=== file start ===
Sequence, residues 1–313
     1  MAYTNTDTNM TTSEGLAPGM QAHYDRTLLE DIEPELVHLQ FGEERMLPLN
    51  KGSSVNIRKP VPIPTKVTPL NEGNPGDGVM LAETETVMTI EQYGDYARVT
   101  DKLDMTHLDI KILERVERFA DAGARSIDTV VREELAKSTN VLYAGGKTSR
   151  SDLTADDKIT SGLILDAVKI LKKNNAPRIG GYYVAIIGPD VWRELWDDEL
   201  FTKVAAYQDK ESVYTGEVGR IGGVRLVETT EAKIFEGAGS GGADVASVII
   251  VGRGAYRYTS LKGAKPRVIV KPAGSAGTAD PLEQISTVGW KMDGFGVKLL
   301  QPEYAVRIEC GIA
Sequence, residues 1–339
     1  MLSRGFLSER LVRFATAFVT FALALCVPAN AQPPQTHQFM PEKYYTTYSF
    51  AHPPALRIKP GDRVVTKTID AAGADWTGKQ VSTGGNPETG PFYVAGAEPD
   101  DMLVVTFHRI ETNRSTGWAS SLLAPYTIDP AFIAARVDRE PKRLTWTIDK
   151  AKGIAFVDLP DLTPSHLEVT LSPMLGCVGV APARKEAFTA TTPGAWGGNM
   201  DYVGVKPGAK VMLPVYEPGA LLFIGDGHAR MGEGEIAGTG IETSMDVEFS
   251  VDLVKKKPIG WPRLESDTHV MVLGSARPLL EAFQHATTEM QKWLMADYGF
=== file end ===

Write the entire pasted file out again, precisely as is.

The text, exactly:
Sequence, residues 1–313
     1  MAYTNTDTNM TTSEGLAPGM QAHYDRTLLE DIEPELVHLQ FGEERMLPLN
    51  KGSSVNIRKP VPIPTKVTPL NEGNPGDGVM LAETETVMTI EQYGDYARVT
   101  DKLDMTHLDI KILERVERFA DAGARSIDTV VREELAKSTN VLYAGGKTSR
   151  SDLTADDKIT SGLILDAVKI LKKNNAPRIG GYYVAIIGPD VWRELWDDEL
   201  FTKVAAYQDK ESVYTGEVGR IGGVRLVETT EAKIFEGAGS GGADVASVII
   251  VGRGAYRYTS LKGAKPRVIV KPAGSAGTAD PLEQISTVGW KMDGFGVKLL
   301  QPEYAVRIEC GIA
Sequence, residues 1–339
     1  MLSRGFLSER LVRFATAFVT FALALCVPAN AQPPQTHQFM PEKYYTTYSF
    51  AHPPALRIKP GDRVVTKTID AAGADWTGKQ VSTGGNPETG PFYVAGAEPD
   101  DMLVVTFHRI ETNRSTGWAS SLLAPYTIDP AFIAARVDRE PKRLTWTIDK
   151  AKGIAFVDLP DLTPSHLEVT LSPMLGCVGV APARKEAFTA TTPGAWGGNM
   201  DYVGVKPGAK VMLPVYEPGA LLFIGDGHAR MGEGEIAGTG IETSMDVEFS
   251  VDLVKKKPIG WPRLESDTHV MVLGSARPLL EAFQHATTEM QKWLMADYGF